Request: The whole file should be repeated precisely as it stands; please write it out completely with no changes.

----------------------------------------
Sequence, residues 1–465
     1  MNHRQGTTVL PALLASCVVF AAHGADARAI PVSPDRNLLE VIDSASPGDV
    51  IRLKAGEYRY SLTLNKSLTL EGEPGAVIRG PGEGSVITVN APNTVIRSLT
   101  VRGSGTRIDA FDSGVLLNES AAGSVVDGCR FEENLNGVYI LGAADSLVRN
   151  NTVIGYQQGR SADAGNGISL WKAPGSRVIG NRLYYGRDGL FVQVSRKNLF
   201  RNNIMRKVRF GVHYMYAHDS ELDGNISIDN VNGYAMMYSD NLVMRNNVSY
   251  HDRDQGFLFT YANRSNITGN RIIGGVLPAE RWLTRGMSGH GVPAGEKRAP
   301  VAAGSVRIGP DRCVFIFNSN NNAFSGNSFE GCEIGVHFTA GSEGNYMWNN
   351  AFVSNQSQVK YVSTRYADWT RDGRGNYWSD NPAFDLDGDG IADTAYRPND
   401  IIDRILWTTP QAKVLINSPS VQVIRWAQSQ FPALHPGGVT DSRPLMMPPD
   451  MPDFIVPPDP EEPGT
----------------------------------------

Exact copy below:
Sequence, residues 1–465
     1  MNHRQGTTVL PALLASCVVF AAHGADARAI PVSPDRNLLE VIDSASPGDV
    51  IRLKAGEYRY SLTLNKSLTL EGEPGAVIRG PGEGSVITVN APNTVIRSLT
   101  VRGSGTRIDA FDSGVLLNES AAGSVVDGCR FEENLNGVYI LGAADSLVRN
   151  NTVIGYQQGR SADAGNGISL WKAPGSRVIG NRLYYGRDGL FVQVSRKNLF
   201  RNNIMRKVRF GVHYMYAHDS ELDGNISIDN VNGYAMMYSD NLVMRNNVSY
   251  HDRDQGFLFT YANRSNITGN RIIGGVLPAE RWLTRGMSGH GVPAGEKRAP
   301  VAAGSVRIGP DRCVFIFNSN NNAFSGNSFE GCEIGVHFTA GSEGNYMWNN
   351  AFVSNQSQVK YVSTRYADWT RDGRGNYWSD NPAFDLDGDG IADTAYRPND
   401  IIDRILWTTP QAKVLINSPS VQVIRWAQSQ FPALHPGGVT DSRPLMMPPD
   451  MPDFIVPPDP EEPGT